The rising costs of public employee pensions, drought relief programs and a huge expansion of Medi-Cal driven by the new health care law have quickly gobbled up most of that windfall, said Brown, who released a revised state budget at a Tuesday morning news conference.
The $107.8 billion spending blueprint for the fiscal year starting in July is the largest in California history, but it ignores some key priorities identified by Democratic legislative leaders, such as universal preschool for 4-years-olds -- which didn't get a penny.
So brutal negotiations with members of the governor's own party lie ahead.
Brown made his opposition to more generous spending clear, stressing that California already has hundreds of billions of dollars in unfunded liabilities and can't afford expensive new programs. That's why he also introduced a plan Tuesday to eliminate the state's $74 billion teacher pension fund liability in 30 years, starting next year with a $450 million down payment.
"We've done a lot already, and we haven't paid for what we've already done," Brown said. "Without more taxes, there's no other way around it. If you can find more cookies in the jar, then hallelujah."
Republicans criticized Brown for making no changes to his plan to fund construction of the $69 billion bullet train with cap-and-trade revenue. But otherwise they endorsed his revised budget as a "pretty good" spending plan.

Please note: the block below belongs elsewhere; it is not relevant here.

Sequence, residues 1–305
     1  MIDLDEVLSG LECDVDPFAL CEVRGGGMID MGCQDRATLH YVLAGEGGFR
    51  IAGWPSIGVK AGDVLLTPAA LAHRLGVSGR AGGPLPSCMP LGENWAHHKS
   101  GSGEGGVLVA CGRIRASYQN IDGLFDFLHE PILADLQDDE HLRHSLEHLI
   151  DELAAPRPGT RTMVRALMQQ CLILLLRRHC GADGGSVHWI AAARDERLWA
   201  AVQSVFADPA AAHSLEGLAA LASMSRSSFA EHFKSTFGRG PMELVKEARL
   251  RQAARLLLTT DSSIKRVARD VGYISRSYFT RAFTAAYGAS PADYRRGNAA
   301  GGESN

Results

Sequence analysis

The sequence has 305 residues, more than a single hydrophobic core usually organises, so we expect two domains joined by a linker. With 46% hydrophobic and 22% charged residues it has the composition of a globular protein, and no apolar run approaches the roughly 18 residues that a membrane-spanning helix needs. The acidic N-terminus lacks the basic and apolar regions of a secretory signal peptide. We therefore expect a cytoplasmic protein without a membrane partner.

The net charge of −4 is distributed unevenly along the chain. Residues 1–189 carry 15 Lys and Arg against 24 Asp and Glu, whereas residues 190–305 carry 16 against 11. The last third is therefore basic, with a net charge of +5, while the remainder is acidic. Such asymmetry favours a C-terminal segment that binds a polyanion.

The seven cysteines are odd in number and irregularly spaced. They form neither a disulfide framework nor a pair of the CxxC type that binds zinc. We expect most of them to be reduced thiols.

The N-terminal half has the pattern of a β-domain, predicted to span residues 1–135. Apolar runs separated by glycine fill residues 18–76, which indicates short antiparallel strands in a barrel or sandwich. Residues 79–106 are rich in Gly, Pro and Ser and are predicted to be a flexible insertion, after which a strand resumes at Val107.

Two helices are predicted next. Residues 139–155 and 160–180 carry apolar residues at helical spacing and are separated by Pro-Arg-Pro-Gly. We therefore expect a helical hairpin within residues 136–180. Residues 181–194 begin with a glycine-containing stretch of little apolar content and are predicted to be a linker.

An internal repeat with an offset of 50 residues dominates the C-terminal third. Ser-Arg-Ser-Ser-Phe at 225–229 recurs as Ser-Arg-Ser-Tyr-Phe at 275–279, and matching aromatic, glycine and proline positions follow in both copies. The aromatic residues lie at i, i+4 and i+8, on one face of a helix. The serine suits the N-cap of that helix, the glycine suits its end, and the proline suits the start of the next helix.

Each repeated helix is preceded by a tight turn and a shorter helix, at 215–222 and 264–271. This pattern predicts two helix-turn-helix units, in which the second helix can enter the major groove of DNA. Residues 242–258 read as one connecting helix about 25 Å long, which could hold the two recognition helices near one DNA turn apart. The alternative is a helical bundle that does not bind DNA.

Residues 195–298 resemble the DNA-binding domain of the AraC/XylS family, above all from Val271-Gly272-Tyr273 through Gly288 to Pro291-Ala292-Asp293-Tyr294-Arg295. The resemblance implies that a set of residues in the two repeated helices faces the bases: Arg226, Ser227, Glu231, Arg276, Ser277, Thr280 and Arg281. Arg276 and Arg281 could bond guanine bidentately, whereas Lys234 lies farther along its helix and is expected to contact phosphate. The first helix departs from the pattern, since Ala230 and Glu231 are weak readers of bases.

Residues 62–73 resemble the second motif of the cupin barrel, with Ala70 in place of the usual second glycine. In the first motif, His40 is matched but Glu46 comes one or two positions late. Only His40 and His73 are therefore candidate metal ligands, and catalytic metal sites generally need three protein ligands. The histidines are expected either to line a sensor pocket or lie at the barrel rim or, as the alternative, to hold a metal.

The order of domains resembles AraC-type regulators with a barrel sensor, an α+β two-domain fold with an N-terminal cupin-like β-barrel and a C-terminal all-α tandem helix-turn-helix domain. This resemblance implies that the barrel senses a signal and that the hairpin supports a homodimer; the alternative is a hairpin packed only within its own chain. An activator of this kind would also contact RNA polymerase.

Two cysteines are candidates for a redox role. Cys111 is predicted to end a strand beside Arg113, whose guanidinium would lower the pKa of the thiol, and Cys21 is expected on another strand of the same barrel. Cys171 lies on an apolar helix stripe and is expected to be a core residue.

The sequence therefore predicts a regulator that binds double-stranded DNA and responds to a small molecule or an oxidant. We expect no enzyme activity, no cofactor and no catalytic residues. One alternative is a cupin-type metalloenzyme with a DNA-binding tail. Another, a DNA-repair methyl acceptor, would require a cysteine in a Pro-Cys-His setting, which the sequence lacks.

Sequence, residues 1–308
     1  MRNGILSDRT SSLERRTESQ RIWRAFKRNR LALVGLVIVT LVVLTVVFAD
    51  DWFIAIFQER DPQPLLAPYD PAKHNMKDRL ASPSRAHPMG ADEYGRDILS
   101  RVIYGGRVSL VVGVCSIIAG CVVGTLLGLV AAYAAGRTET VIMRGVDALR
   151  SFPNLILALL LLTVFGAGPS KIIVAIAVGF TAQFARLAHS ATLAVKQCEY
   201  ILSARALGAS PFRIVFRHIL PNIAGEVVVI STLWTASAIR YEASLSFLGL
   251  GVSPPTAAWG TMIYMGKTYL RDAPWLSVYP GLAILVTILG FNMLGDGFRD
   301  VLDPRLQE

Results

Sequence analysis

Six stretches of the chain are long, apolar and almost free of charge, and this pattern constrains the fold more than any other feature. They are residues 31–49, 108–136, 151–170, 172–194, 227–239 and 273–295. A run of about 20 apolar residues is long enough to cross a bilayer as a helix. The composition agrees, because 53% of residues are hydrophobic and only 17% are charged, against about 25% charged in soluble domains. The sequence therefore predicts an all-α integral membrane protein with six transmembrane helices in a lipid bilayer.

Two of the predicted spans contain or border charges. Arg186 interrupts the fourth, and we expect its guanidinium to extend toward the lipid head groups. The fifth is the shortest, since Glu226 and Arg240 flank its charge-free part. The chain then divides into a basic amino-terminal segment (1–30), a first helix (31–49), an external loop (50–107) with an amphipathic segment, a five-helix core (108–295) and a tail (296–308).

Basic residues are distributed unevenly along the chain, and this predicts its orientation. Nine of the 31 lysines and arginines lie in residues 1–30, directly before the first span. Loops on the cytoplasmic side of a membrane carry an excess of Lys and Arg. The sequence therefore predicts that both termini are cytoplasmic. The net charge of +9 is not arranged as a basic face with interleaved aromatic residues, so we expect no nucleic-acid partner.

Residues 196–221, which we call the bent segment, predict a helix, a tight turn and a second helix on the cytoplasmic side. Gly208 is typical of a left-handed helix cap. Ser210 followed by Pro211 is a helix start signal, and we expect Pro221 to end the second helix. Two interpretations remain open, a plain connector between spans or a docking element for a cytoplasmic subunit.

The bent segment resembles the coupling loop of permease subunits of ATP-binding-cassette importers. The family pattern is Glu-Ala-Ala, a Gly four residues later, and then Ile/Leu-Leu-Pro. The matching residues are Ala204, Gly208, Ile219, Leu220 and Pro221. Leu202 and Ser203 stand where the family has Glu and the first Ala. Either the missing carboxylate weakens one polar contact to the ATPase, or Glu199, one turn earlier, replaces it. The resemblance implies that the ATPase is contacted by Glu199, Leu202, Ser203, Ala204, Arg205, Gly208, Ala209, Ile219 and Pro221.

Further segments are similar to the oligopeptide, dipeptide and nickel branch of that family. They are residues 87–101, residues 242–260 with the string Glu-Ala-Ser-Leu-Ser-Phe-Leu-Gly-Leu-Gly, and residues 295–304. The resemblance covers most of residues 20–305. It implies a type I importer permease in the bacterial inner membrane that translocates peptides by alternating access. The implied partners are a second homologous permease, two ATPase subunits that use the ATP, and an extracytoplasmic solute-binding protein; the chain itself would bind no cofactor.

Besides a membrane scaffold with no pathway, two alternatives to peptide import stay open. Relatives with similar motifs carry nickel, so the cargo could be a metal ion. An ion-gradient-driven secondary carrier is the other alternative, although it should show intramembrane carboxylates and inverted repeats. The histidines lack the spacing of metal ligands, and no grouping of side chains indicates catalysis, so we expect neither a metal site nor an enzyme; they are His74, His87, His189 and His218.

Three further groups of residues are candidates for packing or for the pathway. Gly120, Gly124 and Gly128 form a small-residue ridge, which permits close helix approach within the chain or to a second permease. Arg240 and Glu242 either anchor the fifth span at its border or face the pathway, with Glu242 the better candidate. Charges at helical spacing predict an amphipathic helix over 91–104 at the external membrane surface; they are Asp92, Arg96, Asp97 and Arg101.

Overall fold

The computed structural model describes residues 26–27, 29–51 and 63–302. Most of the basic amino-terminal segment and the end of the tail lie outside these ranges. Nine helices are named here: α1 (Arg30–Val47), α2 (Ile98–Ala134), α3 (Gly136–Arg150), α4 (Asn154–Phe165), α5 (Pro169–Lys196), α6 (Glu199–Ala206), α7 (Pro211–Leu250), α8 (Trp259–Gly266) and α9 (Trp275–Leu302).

"I am glad to see the governor is continuing to prioritize fiscal responsibility," said Senate Republican Leader Bob Huff, R-Diamond Bar.
Brown and legislative leaders from both sides of the aisle reached a deal last week to replace the "rainy-day fund" measure on November's ballot with a new bipartisan plan that would set aside money equivalent to 10 percent of the state's general fund. For the next 15 years, half that money will help pay down the state's debts and liabilities.
Republicans were happy with the plan because it ensures not only that money will be saved but also that it can't easily be siphoned off to create or maintain programs California can't afford. Democrats like it because there's still enough flexibility to tap that funding during future recessions.
Californians can thank a steadily improving economy and federal tax policy changes for the $2.4 billion in additional revenue. However, half of the money is needed to cover Medi-Cal costs that exploded between January and April as more than a million more people signed up for coverage for the health program for the poor than state budget analysts had predicted in January.
The fact that the growing Medi-Cal rolls will cost the state so much money might surprise many Californians since it has been widely reported that the federal government would pick up "100 percent of the tab" for the first three years of the program.
But because California did such a good job of getting people to sign up for health care, 300,000 more people than expected who were already eligible for traditional Medi-Cal signed up for the program. And under the law, the state and federal government must split the cost of those new Medi-Cal recipients.